With early voting over, turnout is very light ahead of Charlotte's Election Day
Fewer than 8,500 people have cast ballots during early voting ahead of Election Day for Tuesday’s primary for Charlotte City Council and mayor.
That’s about 1.5% of registered voters in the city.
One reason for the low turnout is that Republicans had no opportunity to vote, since there were no contested races between GOP candidates. This election is the first since the city went to partisan elections in 1975 that no Republican ran for a citywide at-large seat.
Voters will choose the Democratic nominees for mayor, four at-large seats and four districts.
There are two highly contested races.
One is for City Council District 3 in southwest Charlotte, where Tiawana Brown, Warren Turner and Melinda Lilly are trying to win an open seat that’s currently held by Victoria Watlington. She is running for an at-large seat.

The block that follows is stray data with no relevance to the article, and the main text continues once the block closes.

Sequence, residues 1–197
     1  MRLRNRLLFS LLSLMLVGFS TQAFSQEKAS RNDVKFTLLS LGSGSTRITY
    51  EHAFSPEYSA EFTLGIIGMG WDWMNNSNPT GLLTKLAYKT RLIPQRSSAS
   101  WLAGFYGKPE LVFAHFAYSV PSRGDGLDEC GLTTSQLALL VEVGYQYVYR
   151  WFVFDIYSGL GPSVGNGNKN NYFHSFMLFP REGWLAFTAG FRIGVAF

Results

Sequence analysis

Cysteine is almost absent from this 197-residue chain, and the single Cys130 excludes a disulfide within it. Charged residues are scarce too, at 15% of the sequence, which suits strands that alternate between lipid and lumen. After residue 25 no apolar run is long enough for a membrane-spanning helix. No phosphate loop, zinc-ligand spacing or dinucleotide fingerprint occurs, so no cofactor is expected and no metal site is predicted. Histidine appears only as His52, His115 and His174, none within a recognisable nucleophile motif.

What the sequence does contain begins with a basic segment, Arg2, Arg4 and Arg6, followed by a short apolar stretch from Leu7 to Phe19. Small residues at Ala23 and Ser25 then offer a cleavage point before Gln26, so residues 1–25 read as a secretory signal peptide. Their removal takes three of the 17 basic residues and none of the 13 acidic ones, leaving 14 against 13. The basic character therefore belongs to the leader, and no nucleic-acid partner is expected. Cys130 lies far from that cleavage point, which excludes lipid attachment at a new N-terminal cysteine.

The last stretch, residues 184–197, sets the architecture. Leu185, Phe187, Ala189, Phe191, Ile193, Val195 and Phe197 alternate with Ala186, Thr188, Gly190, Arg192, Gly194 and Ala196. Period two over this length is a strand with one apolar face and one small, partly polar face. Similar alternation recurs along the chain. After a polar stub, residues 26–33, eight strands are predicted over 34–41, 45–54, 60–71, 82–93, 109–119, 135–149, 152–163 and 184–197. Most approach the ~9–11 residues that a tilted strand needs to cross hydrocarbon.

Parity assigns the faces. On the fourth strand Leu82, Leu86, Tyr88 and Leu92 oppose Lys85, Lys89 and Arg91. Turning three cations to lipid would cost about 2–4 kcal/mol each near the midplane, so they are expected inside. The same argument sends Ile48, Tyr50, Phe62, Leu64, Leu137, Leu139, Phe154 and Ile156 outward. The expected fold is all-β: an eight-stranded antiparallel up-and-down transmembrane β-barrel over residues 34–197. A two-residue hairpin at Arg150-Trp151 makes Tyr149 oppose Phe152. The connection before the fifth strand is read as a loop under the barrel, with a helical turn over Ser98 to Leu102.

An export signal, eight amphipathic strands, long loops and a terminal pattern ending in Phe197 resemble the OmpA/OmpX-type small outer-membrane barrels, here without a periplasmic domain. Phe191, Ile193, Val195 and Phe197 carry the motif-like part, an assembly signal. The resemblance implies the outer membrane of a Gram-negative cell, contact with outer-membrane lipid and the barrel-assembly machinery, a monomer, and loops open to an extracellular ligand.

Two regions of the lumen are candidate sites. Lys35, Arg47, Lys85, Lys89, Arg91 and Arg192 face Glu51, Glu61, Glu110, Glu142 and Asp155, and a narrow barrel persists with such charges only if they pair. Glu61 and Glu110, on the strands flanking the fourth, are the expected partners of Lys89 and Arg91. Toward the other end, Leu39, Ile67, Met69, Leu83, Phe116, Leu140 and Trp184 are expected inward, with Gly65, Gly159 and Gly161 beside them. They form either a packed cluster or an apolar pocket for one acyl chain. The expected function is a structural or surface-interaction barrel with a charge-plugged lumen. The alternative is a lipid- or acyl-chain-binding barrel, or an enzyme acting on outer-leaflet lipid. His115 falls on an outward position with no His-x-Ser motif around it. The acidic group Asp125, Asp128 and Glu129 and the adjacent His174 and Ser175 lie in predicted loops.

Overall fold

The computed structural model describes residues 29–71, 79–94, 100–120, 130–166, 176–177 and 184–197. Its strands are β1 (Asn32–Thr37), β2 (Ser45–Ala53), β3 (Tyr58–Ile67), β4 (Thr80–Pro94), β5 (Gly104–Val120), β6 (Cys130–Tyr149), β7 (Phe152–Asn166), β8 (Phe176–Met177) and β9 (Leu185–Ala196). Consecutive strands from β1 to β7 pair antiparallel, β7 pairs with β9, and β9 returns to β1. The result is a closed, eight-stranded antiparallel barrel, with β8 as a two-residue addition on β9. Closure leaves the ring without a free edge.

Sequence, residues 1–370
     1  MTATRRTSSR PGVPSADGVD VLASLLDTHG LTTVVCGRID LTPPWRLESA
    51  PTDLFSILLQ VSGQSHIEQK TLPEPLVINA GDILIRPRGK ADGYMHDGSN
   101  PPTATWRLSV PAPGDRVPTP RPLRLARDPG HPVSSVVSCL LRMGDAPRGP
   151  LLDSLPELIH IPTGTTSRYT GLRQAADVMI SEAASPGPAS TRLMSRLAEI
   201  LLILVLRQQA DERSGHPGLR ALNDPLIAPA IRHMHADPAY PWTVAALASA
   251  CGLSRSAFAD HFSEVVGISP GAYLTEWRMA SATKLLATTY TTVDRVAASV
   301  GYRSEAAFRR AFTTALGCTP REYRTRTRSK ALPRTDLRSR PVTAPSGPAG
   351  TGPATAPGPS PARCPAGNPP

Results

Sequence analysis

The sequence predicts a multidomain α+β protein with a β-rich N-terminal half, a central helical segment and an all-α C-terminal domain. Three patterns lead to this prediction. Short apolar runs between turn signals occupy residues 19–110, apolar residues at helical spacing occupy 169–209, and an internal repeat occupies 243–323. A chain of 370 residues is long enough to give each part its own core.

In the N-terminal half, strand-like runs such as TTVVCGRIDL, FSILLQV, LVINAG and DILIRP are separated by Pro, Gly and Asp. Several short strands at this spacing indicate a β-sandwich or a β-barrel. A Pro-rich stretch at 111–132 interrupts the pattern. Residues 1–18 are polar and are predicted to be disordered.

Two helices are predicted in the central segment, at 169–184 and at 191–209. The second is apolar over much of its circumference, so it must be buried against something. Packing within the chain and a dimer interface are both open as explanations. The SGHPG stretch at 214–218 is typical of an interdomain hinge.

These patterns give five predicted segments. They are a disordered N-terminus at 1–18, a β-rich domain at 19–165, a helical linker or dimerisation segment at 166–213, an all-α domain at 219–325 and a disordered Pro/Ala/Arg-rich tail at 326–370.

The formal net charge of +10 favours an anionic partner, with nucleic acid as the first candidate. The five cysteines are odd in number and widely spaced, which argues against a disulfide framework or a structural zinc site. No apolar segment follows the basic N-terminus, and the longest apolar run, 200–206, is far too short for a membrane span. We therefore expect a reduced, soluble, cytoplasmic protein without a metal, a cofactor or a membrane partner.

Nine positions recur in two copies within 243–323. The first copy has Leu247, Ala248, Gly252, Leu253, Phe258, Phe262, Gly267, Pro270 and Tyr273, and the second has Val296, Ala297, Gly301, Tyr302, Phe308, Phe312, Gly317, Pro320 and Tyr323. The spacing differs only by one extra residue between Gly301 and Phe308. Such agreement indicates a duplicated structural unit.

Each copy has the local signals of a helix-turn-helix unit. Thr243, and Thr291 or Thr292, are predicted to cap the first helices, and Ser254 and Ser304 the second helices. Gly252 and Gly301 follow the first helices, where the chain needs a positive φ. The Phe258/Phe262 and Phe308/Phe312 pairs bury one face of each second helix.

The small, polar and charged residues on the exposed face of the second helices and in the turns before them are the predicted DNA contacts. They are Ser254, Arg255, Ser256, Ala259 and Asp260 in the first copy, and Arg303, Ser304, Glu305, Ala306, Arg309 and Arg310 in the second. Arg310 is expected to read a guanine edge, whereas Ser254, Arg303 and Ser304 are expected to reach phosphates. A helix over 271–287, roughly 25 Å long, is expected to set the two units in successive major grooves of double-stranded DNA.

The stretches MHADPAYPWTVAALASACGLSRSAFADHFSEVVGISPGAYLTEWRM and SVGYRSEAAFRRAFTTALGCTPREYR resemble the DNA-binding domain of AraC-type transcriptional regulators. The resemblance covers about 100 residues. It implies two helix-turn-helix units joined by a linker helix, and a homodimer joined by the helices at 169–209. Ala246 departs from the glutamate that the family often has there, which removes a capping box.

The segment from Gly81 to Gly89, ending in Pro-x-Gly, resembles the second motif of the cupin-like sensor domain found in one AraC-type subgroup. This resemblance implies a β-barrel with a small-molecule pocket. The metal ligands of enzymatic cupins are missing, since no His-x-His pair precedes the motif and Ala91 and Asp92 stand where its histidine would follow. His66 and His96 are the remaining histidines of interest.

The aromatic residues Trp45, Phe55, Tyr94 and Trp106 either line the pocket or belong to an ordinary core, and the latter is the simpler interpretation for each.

The other is for District 4 in northeast Charlotte, where Mayor Vi Lyles made her first-ever endorsement in a city race, backing challenger Wil Russell. Lyles is trying to unseat incumbent Renee Johnson, a fellow Democrat. Olivia Scott is also in the race.
The city primary in 2022 was held on the same day as the North Carolina primary for the U.S. Senate race. The city primary in 2019 was held on the same day as a special election for U.S. Congress in the 9th District between Democrat Dan McCready and Republican Dan Bishop.
That boosted turnout.
The last Charlotte primary in which there were no other races on the ballot was in 2017. That year, nearly 13,000 people voted early.
Even with Republicans locked out of the primary this year, Tuesday’s election will likely see more voters than the 2011 city primary when less than 3% of registered voters cast ballots.